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JACKFIELD WARE: The known history of this factory located in Shropshire, on the Severn River, begins in 1713, although potting in this district was done as early as in the 16th century. Jackfield was noted for its black ware, made of red clay and covered with a lustrous black glaze and ornamented with oil colors or gilt. Its best work was done between 1760 and 1772 under Maurice Thursfield, son of the founder Richard Thursfield. In 1780 the works were sold and removed to Coalport.
JAPANESE PORCELAIN: See PORCELAIN, Japanese.
JAPANESE POTTERY: See POTTERY, Japanese.
JASPER WARE: This fine, hard, unglazed white bisque made by Wedgwood and other potters was perfected about 1775. It was made in various surface colors introduced about 1777, known as dip jasper, and in blue, colored clear through, called solid jasper, and white bas-relief was used in combination with the different colors. Jasper was used for making vases, medallions, plaques and many other articles. The points which mark excellence in the eyes of the collector are the smoothness and color of the background, the sharpness and translucency of the ornament, and the undercutting in which certain parts are relieved by cutting while the clay is soft.
JERSEY CITY POTTERY: Established in 1825 as the Jersey Porcelain and Earthenware Co. In 1833 the name was changed to the American Pottery Manufacturing Co., and again about twenty years later to the Jersey City Pottery. Various kinds of pottery were made there of a buff or creamcolored body of excellent quality. For the first time in America the English method of transfer-printing in decoration was adopted before 1840. Many of the best potters of the old school in this country learned their trade at this factory. Although earthenware was the chief product, porcelain was produced to some extent. The factory was discontinued in 1892.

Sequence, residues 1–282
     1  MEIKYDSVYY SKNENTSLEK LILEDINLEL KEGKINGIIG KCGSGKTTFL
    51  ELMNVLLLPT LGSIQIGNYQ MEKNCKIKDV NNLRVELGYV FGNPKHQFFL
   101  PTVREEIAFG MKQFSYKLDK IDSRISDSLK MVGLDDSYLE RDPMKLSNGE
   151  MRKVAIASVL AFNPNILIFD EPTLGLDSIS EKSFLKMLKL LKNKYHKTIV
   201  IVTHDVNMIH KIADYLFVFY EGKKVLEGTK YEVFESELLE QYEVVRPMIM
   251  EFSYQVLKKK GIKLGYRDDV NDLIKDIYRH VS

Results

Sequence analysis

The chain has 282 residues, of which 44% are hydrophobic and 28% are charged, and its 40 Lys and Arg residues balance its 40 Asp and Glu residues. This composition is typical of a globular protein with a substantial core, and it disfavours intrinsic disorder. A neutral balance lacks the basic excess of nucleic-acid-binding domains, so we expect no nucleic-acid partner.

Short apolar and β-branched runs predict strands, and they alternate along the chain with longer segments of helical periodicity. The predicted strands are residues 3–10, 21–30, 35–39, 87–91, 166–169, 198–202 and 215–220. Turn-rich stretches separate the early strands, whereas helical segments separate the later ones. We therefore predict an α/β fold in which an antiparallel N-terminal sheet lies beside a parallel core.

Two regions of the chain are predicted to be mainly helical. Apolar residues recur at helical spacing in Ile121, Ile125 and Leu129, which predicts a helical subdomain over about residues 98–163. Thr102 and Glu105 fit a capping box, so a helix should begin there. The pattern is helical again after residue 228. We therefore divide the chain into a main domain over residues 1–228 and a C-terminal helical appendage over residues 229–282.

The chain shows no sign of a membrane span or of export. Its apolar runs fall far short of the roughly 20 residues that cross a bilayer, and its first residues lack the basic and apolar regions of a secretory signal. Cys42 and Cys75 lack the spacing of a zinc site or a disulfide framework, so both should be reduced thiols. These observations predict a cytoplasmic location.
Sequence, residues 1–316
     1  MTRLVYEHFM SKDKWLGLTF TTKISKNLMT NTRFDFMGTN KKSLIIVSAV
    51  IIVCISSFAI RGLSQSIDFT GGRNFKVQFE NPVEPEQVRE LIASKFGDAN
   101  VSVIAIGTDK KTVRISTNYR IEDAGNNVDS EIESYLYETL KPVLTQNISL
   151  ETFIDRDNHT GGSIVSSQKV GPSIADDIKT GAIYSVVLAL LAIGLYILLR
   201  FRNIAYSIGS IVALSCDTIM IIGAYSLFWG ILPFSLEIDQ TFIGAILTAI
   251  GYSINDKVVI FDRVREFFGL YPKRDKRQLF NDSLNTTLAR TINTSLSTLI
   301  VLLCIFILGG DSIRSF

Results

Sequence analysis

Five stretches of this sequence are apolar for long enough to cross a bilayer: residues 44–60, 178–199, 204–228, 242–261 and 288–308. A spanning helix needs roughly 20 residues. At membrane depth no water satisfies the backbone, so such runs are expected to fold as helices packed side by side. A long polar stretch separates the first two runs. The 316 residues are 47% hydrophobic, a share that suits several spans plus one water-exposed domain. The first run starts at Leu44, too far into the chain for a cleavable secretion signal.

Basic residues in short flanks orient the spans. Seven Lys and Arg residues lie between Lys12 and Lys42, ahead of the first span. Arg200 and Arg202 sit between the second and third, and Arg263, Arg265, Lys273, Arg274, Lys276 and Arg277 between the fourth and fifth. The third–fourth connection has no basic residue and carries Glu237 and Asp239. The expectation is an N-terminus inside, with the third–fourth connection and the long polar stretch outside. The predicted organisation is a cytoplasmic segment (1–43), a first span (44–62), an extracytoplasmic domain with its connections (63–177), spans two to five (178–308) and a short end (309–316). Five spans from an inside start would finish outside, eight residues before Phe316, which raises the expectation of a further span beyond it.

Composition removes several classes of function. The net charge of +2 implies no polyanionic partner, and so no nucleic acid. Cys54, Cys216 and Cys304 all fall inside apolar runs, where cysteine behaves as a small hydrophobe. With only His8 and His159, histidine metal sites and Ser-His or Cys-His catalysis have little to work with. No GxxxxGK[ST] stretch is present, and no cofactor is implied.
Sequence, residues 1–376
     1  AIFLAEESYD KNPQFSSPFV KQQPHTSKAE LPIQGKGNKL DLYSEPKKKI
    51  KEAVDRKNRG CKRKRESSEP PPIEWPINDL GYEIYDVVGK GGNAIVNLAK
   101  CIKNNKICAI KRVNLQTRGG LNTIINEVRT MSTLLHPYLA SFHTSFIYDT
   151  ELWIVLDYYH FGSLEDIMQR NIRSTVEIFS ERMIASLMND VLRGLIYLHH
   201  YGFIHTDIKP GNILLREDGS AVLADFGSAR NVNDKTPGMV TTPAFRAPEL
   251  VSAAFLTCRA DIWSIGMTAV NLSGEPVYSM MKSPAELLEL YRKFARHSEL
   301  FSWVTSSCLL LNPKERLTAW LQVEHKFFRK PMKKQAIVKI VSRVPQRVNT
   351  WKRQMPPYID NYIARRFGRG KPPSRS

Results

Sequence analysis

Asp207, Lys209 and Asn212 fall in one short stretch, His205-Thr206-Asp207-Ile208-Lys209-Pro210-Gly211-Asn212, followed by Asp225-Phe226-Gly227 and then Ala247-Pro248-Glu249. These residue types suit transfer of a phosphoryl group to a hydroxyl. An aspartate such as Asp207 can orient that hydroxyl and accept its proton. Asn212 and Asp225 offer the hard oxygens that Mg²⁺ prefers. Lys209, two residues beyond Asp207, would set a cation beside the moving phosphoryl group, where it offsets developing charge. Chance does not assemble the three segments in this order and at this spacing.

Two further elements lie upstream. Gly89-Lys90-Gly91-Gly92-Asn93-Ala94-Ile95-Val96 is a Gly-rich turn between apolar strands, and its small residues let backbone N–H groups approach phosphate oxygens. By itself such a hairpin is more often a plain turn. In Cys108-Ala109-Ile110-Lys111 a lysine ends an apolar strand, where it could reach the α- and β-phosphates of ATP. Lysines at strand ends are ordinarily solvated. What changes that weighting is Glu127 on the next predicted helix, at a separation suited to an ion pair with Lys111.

JIGGER: A machine used in potteries in making circular and swelled vessels such as jars, jugs, crocks, etc. It carries a revolving mold, in which the clay is shaped in a "former."
JOLLY: A contrivance somewhat similar to a jigger for making flat ware, consisting of a revolving disk or plate on which the mold is placed.
JUGS: An earthenware vessel with handle, used to carry liquids. The earlier jugs of the Staffordshire potters were nearly all molded. The Liverpool jug (q.v.) is that best known to collectors. The early pitchers were usually called jugs.